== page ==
Promising total disruption of the advertising industry, Tim Armstrong, the chairman and CEO of AOL announced on Tuesday that he will be leading the new IAB Education Foundation.
The group will be dedicated to the training and development of talent in the industry with an eye to racial, ethnic, gender and economic diversity. It’s meant to counter criticism that advertising and tech are the domain of white men. Armstrong, who acknowledged that AOL will not release their internal diversity data like Google and Facebook have done recently, said it’s because he’s determined to find a “solutions-based approach” to the problem.
“The internet business is about to get disrupted again. I hope our company is one of the ones that does the disruption and avoids getting disrupted.” — Tim Armstrong
Unveiled on the second day of the Interactive Advertising Bureau’s (IAB) MIXX Conference, Randall Rothenberg, the IAB’s president and CEO, said from the stage that the Education Foundation is more than just the right thing to do: “In the advertising media industry, we’re supposed to be ahead of the culture, and how can you do that if you’re leaving behind 80% of the population?” he said.
Armstrong and Rothenberg will soon embark on a “traveling roadshow” where they’ll engage digital advertising and media industry types around the country to learn from their experiences and spur a bottom-up change in the industry. This is to counter top-down solutions to the problem, which Armstrong believes are fundamentally misguided.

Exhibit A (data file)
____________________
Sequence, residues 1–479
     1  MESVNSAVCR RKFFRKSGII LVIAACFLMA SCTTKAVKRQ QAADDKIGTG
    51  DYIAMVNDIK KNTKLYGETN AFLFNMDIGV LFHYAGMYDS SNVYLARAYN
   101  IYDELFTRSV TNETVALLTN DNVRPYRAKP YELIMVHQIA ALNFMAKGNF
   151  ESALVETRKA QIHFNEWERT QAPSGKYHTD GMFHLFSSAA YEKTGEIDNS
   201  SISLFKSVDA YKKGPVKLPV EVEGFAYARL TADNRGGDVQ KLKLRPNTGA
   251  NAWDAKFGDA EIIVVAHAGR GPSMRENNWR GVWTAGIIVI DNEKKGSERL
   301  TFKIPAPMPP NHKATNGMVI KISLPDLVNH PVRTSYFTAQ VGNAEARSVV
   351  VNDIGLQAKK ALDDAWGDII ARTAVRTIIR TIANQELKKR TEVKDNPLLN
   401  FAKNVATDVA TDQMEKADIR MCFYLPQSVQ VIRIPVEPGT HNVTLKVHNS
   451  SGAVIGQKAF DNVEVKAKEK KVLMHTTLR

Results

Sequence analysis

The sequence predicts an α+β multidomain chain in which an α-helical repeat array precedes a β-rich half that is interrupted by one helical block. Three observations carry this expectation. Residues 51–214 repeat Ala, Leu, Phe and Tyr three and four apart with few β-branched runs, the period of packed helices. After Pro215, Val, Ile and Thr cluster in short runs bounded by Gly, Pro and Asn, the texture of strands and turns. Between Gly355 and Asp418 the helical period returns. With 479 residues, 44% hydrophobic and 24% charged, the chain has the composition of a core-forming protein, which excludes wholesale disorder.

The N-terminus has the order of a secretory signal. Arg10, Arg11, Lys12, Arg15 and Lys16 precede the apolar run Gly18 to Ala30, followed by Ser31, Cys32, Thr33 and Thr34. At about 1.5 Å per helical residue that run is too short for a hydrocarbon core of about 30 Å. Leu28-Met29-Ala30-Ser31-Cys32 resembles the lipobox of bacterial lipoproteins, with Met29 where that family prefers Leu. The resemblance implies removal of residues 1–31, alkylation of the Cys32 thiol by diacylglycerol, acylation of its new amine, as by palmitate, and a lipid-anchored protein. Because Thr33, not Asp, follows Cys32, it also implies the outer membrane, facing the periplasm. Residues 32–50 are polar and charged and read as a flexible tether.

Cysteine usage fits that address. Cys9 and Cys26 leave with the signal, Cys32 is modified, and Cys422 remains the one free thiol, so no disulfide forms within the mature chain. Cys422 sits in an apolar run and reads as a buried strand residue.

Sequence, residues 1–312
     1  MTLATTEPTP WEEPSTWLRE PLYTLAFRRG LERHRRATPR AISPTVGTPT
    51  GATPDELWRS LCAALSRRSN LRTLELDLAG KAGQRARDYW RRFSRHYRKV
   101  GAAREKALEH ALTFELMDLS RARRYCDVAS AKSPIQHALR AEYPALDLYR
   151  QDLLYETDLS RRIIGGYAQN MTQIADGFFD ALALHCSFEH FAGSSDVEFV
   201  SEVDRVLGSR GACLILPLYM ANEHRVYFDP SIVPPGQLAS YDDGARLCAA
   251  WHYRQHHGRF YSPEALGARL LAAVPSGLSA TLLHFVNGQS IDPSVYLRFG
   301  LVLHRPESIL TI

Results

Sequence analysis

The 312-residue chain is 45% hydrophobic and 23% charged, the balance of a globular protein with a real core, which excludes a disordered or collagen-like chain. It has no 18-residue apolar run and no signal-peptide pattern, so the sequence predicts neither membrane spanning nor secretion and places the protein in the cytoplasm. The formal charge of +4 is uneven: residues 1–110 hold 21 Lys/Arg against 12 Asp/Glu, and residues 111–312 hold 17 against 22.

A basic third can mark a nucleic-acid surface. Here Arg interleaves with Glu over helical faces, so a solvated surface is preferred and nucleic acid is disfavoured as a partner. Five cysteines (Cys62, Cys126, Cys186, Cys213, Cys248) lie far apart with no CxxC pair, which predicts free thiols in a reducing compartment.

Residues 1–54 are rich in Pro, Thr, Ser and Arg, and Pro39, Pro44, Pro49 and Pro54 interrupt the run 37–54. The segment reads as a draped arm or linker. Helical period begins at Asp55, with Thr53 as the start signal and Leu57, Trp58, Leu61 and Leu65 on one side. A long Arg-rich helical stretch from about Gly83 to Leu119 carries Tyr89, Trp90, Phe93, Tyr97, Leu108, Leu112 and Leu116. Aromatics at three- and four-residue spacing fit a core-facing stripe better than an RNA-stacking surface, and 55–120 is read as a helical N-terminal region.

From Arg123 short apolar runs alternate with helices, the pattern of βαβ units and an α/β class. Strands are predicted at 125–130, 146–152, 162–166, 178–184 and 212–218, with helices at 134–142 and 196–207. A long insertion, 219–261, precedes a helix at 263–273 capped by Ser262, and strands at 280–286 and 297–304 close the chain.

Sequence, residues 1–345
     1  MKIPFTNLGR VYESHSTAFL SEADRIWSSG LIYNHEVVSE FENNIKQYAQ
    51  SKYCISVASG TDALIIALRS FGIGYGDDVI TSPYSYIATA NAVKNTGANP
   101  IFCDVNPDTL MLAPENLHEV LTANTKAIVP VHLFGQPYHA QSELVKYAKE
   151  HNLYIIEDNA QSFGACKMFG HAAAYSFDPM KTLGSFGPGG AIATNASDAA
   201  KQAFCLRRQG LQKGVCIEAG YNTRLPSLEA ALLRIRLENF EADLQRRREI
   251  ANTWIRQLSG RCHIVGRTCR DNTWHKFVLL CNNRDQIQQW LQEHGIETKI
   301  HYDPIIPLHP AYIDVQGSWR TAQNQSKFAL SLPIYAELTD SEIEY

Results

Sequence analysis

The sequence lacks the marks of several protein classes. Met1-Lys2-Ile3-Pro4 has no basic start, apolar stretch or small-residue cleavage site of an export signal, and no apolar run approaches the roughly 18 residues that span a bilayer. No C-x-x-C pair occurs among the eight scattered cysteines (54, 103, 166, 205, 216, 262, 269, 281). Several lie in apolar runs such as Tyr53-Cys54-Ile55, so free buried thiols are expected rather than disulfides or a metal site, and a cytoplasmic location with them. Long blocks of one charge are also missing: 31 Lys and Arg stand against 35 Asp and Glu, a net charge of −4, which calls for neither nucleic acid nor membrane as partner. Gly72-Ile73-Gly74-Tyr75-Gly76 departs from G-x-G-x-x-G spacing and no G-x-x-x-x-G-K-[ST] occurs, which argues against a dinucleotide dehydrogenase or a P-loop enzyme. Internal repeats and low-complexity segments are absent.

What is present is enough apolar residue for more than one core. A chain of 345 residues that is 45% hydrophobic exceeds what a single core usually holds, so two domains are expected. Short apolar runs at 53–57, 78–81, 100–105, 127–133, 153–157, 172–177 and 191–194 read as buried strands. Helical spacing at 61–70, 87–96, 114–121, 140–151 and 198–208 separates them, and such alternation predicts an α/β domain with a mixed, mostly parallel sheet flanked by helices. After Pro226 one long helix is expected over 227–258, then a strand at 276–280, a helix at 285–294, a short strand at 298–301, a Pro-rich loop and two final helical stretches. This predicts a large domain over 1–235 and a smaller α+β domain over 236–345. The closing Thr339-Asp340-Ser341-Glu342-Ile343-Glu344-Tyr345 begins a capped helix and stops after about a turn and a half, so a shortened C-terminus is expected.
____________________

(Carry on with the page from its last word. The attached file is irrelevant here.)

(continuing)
Armstrong also intimated that companies with a more diverse workforce would be more competitive in the international marketplace. He pointed to the recent Alibaba IPO as an event that should create urgency around the issue. “We either have to go out looking for diversity or diversity is going to come to us,” he said.
The announcement about the Education Foundation was made at the end of Armstrong’s keynote, during which he discussed the future of digital advertising and AOL’s strategies to stay relevant in a marketplace of constant change.
“The internet business is about to get disrupted again. I hope our company is one of the ones that does the disruption and avoids getting disrupted,” Armstrong said, noting that after going through “the worst merger in history” with Time Warner, AOL is finally digging itself out and focusing on the next evolution of their business.
Armstrong plans to focus both on culture and code, giving equal weight to the tech side like their Devil ad format while continuing to grow their media brands like Huffington Post and TechCrunch. Unlike many industries, advertising, Armstrong believes, has not yet been transformed by technology. This is still to come with the increase in the use of data.
The metaphor he prefers to use for data is oil. Thanks to smart phones, as the oil pumps, it’s feeding the beast 15.5 hours a day per person, creating 25 target-able terabytes of data per hour. One of the goals for AOL is to use this data to create media properties built on the fly. With a trillion ad decisions being made a day within their system, Armstrong says this staggering amount of information will need machines to make sense of it, as these kinds of numbers are now beyond human comprehension. Total disruption, Armstrong said means being “willing to change everything.”